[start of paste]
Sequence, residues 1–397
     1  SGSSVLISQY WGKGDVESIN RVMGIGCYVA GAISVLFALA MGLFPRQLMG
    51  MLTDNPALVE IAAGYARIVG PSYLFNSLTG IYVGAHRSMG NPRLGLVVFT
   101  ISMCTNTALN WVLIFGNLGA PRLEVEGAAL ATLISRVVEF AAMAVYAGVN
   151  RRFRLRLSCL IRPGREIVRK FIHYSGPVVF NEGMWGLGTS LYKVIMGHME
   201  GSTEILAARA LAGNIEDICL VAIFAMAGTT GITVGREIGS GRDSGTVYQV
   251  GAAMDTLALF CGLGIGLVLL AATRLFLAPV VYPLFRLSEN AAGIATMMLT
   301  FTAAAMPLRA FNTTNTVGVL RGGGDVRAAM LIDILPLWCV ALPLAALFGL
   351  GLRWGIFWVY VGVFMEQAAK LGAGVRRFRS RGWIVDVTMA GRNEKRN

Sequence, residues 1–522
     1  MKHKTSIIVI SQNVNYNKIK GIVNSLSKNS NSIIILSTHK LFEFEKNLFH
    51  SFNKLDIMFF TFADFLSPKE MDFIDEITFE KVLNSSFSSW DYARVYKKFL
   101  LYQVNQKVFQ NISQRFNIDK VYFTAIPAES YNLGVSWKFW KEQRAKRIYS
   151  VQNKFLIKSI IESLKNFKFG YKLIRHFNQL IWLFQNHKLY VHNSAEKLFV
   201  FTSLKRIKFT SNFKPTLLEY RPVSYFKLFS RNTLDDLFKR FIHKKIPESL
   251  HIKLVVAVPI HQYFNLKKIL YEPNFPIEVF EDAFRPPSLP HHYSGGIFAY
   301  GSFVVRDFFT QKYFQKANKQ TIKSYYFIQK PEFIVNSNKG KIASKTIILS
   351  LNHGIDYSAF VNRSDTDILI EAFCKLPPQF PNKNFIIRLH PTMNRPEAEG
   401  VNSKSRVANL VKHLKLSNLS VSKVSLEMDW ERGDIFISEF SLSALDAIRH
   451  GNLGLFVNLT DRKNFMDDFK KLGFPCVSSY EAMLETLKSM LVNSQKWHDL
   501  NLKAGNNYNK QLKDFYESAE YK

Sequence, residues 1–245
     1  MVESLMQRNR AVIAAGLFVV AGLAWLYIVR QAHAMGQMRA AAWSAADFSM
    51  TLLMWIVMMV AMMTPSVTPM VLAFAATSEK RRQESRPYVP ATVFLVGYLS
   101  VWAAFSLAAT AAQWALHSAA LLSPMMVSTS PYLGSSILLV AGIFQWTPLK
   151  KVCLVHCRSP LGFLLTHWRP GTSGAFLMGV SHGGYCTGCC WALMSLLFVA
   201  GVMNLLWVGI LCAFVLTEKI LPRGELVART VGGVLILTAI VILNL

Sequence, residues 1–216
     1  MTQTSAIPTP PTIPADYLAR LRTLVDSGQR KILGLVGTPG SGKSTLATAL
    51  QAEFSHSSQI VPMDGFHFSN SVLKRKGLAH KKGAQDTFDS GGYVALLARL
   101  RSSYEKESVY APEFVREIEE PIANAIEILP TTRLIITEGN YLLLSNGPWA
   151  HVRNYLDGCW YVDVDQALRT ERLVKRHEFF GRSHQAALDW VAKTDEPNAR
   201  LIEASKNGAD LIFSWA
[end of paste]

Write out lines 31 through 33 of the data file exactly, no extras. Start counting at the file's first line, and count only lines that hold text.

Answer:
   101  RSSYEKESVY APEFVREIEE PIANAIEILP TTRLIITEGN YLLLSNGPWA
   151  HVRNYLDGCW YVDVDQALRT ERLVKRHEFF GRSHQAALDW VAKTDEPNAR
   201  LIEASKNGAD LIFSWA